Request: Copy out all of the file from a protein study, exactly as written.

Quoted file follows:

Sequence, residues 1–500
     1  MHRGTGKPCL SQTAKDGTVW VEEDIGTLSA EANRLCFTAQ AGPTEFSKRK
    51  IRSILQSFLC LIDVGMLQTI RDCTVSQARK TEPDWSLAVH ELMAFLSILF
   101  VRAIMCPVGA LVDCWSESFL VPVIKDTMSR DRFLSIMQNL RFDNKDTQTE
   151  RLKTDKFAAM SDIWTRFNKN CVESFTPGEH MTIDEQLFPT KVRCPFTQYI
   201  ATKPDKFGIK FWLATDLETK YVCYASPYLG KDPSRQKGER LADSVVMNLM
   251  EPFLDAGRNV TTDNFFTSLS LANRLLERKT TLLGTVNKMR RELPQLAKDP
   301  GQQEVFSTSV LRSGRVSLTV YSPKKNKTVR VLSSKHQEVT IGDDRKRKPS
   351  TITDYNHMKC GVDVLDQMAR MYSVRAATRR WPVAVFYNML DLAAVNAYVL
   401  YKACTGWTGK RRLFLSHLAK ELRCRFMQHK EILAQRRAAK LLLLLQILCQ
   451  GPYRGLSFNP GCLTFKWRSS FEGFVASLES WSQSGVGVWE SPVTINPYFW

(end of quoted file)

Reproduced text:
Sequence, residues 1–500
     1  MHRGTGKPCL SQTAKDGTVW VEEDIGTLSA EANRLCFTAQ AGPTEFSKRK
    51  IRSILQSFLC LIDVGMLQTI RDCTVSQARK TEPDWSLAVH ELMAFLSILF
   101  VRAIMCPVGA LVDCWSESFL VPVIKDTMSR DRFLSIMQNL RFDNKDTQTE
   151  RLKTDKFAAM SDIWTRFNKN CVESFTPGEH MTIDEQLFPT KVRCPFTQYI
   201  ATKPDKFGIK FWLATDLETK YVCYASPYLG KDPSRQKGER LADSVVMNLM
   251  EPFLDAGRNV TTDNFFTSLS LANRLLERKT TLLGTVNKMR RELPQLAKDP
   301  GQQEVFSTSV LRSGRVSLTV YSPKKNKTVR VLSSKHQEVT IGDDRKRKPS
   351  TITDYNHMKC GVDVLDQMAR MYSVRAATRR WPVAVFYNML DLAAVNAYVL
   401  YKACTGWTGK RRLFLSHLAK ELRCRFMQHK EILAQRRAAK LLLLLQILCQ
   451  GPYRGLSFNP GCLTFKWRSS FEGFVASLES WSQSGVGVWE SPVTINPYFW